Case Study: The Zero Waste Town

The Simple Way This Japanese Town Has Become Virtually Waste Free

Since 2003, Kamikatsu, a small village located on Japan’s Shikoku Island, has been on a most admirable mission: to produce zero waste by the year 2020.  Not a single piece of refuse will be sent to rural landfills or rubbish incinerators, which, once upon a time, was the norm in this rural stretch of Tokushima Prefecture.  And so far, the village’s roughly 1,500 residents have proved to be up to the task, reaching a recycling rate of 80% for non-organic waste, compared to the national Japanese average of 20%.

The epicenter of Kamikatsu’s first-rate waste-curbing activities is Hibigaya waste collection station, a bustling refuse-centred community hub of sorts where residents haul their recyclables for sorting into an astonishing 45 different categories.  That’s right … not the usual three or four bins, but 45 labelled receptacles for every sort of recyclable waste possible.

For unwanted and unused household items — think small appliances, tools, toys and the like — that still have some life in them, Hibigaya station, which is operated by the not-for-profit  Zero Waste Academy, also boasts an on-site freecycling shop, where villagers can leave or take things as they wish.  And worth noting: there are no rubbish collection trucks in town.

Not surprisingly, it took a while for villagers to warm up to such an aggressive and detailed waste disposal scheme.  The day-to-day sorting isn’t any less laborious or time-intensive than it was in 2003 when Kamikatsu’s Zero Waste Declaration was first introduced.  But once villagers eventually got into the swing of things, there was no looking back.

Once the Japanese economy changed and consumption of packaged, disposable goods was widespread, residents set up a landfill and open incineration space in the town.  Everyone brought their rubbish, whatever it was, to the burning hole; a practice that continued until the late 1990s.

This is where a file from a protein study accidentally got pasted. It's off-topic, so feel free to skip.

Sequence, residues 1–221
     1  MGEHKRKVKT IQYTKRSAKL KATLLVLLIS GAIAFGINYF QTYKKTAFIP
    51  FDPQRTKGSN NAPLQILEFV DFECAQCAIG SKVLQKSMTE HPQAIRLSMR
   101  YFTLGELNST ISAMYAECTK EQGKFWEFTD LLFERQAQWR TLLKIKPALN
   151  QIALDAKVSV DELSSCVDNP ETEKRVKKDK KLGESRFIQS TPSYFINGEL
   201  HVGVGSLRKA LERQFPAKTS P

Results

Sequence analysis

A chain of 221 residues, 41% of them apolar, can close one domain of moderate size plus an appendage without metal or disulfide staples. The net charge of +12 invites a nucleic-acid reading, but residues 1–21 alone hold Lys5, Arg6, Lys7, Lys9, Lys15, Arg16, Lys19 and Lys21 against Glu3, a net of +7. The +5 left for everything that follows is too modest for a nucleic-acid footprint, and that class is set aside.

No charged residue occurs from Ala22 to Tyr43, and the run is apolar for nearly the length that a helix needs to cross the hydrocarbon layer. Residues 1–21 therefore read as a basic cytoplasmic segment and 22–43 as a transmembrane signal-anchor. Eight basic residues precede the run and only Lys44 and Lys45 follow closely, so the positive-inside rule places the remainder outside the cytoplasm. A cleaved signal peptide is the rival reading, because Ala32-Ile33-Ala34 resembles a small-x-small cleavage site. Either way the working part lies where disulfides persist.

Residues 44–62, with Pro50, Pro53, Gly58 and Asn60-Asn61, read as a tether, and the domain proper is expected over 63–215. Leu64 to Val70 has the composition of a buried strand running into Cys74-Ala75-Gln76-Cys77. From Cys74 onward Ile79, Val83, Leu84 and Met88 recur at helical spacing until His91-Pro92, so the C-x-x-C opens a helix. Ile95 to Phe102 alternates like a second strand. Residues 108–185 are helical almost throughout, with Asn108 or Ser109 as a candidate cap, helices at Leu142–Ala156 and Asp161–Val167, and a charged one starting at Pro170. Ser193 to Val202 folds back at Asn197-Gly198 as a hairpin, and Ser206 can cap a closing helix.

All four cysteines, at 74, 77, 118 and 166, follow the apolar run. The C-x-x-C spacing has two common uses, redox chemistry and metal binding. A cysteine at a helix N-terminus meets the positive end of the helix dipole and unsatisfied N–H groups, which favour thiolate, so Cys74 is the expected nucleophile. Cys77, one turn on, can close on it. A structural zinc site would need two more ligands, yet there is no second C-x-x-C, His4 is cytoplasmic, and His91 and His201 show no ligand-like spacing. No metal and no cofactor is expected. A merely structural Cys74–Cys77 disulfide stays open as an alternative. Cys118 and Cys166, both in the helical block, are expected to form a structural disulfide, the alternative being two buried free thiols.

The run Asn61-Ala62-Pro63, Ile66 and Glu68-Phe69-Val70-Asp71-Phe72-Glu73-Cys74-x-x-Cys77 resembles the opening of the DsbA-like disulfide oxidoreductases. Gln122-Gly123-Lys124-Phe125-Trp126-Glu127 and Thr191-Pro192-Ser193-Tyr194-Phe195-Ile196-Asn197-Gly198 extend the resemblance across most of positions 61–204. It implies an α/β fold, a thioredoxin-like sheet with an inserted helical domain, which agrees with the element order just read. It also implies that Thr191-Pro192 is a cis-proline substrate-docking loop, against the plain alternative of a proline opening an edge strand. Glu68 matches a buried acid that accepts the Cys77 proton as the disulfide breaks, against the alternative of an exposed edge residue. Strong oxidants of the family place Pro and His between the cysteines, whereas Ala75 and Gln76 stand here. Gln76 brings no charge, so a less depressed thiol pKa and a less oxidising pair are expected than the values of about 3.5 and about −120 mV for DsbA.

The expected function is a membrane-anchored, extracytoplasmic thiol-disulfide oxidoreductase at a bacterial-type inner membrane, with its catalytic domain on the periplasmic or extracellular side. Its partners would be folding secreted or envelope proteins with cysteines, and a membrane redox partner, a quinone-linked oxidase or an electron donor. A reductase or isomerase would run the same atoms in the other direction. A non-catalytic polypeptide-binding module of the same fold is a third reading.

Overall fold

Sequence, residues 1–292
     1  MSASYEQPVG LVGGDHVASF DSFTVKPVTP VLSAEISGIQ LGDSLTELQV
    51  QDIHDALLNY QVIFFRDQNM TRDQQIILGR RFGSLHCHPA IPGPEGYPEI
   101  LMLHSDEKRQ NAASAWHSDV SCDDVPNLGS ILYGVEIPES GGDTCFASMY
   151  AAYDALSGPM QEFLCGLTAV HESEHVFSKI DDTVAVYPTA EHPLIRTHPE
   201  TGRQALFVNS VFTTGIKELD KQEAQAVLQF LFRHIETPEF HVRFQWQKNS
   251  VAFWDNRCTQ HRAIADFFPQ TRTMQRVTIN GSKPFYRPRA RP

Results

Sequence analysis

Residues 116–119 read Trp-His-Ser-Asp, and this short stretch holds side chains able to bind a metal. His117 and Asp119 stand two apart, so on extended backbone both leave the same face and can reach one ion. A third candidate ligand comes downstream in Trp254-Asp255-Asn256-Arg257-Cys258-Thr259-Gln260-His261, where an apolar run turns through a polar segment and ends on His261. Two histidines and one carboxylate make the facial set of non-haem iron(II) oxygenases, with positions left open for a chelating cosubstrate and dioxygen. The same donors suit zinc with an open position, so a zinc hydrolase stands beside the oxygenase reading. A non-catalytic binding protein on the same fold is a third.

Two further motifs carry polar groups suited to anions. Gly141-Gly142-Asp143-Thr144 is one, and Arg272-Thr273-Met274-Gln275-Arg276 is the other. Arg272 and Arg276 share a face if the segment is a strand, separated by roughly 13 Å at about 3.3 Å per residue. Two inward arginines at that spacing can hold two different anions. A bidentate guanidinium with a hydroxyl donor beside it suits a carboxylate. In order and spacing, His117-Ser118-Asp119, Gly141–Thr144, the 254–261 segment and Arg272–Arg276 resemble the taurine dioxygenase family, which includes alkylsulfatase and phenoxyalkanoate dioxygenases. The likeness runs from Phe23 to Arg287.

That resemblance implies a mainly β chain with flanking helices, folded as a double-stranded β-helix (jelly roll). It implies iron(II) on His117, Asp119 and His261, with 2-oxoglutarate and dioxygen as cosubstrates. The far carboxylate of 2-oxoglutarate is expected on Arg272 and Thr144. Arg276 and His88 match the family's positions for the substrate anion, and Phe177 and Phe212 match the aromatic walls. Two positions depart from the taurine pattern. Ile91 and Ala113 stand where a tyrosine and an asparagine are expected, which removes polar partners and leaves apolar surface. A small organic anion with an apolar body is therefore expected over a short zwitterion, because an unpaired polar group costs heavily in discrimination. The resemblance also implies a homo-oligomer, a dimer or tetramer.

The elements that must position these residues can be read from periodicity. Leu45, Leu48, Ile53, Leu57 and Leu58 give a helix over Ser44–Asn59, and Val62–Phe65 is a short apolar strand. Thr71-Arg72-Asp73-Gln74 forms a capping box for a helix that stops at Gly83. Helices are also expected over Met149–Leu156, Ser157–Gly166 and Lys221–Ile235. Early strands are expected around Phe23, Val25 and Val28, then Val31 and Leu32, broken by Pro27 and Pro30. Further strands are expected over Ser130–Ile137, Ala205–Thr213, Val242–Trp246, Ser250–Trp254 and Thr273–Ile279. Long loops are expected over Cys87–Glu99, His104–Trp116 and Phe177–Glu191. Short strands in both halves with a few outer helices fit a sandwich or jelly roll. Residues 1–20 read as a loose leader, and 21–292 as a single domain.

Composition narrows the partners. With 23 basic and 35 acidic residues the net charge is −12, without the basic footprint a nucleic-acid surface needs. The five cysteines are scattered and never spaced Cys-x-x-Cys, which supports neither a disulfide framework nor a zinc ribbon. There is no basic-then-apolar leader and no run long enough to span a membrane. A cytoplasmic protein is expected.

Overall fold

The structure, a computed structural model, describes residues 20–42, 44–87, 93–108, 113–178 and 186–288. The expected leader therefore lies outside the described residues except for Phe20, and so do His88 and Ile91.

However, the town was under strong pressure from the national government to stop burning rubbish on an open fire and start using an incinerator.  So the town built one.  However, the model was soon banned following health concerns about the dioxins it produced.  Not only did the town lose out by building a useless incinerator, but it lost money by having to pay large sums to use the facilities of a nearby town.

When Kamikatsu first began recycling its waste, there were nine categories of waste separation.  Within a short time, it grew to 34 categories, a figure that stuck around for a good while until recently when the number jumped again to an almost improbable 45.

Perhaps more vital than everyone remaining dutiful to making sure everything is properly sorted and disposed of at Hibigaya waste station, is the manner in which the residents of Kamikatsu treat their possessions.  While a knee-jerk throwaway mentality once prevailed, villagers now treat their belongings in a more careful and respectful manner.

“When the zero waste programme started, it created more burden in my life,” shop owner Takuya Takeichi said.  “It’s a time-consuming obligation to separate all that rubbish.”

But as time went on and the recycling rules became a quotidian ritual, Takeichi and his fellow villagers began looking at rubbish differently.

“I gained a sense of taking care of things,” Takeichi says.  “It’s strange but simple, I am constantly thinking now before I throw anything away.  We may have more of a burden but I think we all gained richness in our minds.”

As for organic household waste that can’t be sorted into one of the 45 categories, there’s a place for that, too.  Composting is a city-wide endeavour practiced by all residents and business owners, including relatively new resident, local chef Taira Omotehara.

“Until I came here, I was not mindful about rubbish at all.  I just threw everything out together,” admits Omotehara.  Now, “the leftover food here goes into the compost and that becomes fertilizer for the local farm, which grows the vegetables that we use here in the restaurant.  Seeing that cycle helped change how I look at things.”  Like most of the mountainous Tokushima Prefecture, Kamikatsu revolves around a predominantly rural, agricultural economy.  “If chefs changed their mindset a little, the amount of food waste would be reduced, I think,” adds Omotehara.

Kamikatsu’s remarkable knack at collectively not sending any waste to landfills or incinerators has, not surprisingly, garnered international attention, particularly in recent years, as the village draws closer to that big zero-waste year:  2020.

Delegations representing municipalities and environmental groups in at least 10 countries have made the pilgrimage to Kamikatsu to watch — and learn from — what’s arguably the world’s most rigorous community waste disposal scheme in action.  And further boosting the far-flung village’s appeal to curious foreign visitors, a stunning brewery-cum-community watering hole, built completely from recycled materials, opened in town earlier this year.

So, as you aim to use — and throw away less — in 2018, keep in mind that you probably have it easy compared to the good people of Kamikatsu.  Consider their diligence and determination as something to be admired, praised and replicated.

Watch the video below to see this amazing zero waste system in action. 

This case study was written by Leanna Garfield for Business Insider UK at